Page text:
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South Carolina Officer Resuscitates Premature Baby

December 06, 2007  | 

North Charleston, S.C., police officer David Campbell had just been involved in a foot chase that ended with him having to TASER a suspect who allegedly attacked another officer when the call came in.

A young woman had just called 911 dispatch and informed them that she was in labor and alone. She was only six months pregnant.

Campbell rushed to the woman's North Charleston home, and he was the first to arrive. The woman, 19-year-old Shanice Johnson, opened the door. She was half dressed and covered in blood.

The woman's tiny newborn baby lay on the floor. The umbilical cord and placenta were still attached, and the baby was not moving.

Campbell is trained in CPR. But CPR on an infant is tricky and this premature baby was only nine inches long and weighed less than a pound and a half.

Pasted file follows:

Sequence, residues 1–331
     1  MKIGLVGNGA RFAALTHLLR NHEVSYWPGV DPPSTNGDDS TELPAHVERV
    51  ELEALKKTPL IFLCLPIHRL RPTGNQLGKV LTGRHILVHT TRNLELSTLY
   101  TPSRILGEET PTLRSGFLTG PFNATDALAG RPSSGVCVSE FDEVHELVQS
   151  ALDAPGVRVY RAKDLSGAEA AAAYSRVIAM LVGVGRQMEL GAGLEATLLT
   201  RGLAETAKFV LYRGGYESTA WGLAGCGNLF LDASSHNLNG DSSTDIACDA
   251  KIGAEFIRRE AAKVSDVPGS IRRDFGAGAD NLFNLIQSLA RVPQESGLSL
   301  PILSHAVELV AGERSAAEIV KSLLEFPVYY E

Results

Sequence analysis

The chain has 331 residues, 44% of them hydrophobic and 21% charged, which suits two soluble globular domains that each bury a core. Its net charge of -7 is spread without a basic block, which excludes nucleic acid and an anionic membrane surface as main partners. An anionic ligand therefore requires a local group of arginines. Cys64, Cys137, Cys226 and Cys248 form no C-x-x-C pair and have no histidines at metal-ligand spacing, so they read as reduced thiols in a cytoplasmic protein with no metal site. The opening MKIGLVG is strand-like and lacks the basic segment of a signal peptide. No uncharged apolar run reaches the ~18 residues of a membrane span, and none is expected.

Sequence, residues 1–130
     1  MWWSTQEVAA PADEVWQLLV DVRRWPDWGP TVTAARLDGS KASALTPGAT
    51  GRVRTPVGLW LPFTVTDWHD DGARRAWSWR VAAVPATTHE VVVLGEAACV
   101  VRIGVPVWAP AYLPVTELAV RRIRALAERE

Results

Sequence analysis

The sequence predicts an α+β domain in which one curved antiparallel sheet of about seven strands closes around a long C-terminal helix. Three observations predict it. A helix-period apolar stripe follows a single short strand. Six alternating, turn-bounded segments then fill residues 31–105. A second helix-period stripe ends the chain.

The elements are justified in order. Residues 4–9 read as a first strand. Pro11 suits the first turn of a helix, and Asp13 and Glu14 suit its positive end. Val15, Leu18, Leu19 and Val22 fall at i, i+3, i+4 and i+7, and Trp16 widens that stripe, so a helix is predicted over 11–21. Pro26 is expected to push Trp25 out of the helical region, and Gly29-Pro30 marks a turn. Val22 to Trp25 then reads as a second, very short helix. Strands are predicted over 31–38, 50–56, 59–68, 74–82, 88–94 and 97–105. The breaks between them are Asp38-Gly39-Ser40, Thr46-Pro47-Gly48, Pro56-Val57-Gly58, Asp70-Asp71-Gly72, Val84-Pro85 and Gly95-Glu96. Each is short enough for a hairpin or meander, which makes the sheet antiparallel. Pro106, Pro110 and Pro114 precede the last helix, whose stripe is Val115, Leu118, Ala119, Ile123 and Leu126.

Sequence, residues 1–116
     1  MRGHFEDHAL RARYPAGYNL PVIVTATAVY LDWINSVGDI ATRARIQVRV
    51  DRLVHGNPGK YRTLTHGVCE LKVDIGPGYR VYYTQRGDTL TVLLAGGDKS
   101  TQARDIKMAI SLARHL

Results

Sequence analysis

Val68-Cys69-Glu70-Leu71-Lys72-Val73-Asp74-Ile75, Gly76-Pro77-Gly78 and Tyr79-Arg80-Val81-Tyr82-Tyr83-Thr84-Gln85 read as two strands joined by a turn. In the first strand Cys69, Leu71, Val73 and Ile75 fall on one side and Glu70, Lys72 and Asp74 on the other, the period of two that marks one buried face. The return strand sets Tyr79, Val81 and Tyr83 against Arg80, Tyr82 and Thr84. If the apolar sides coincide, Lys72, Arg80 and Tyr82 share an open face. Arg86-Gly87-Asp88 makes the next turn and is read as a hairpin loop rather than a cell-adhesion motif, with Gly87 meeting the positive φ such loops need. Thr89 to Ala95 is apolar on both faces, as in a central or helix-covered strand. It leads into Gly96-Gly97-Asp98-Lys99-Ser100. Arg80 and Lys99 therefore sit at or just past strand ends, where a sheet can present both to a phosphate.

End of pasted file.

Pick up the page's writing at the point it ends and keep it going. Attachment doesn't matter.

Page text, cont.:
Campbell's training officer had taught him how to resuscitate an infant. His training kicked in, and he breathed life into the baby until EMS arrived.

EMS rushed the baby and his mother to Medical University Hospital. The baby is now breathing on his own and doctors told the Charleston Post and Courier that he should be fine.

Shanice Johnson and her parents paid a visit to the police station on Wednesday to personally thank Campbell.

Campbell was also lauded by North Charleston Police Chief Jon Zumalt.

Campbell told the Post and Courier that he hopes to soon visit the baby in the hospital where he is expected to remain until February.

"You have to give a lot of credit to that little boy," he said. "He just came into this world, and he wasn't ready to go out just yet. He was a fighter and he's still fighting. God must have some sort of plan for him," Campbell said.

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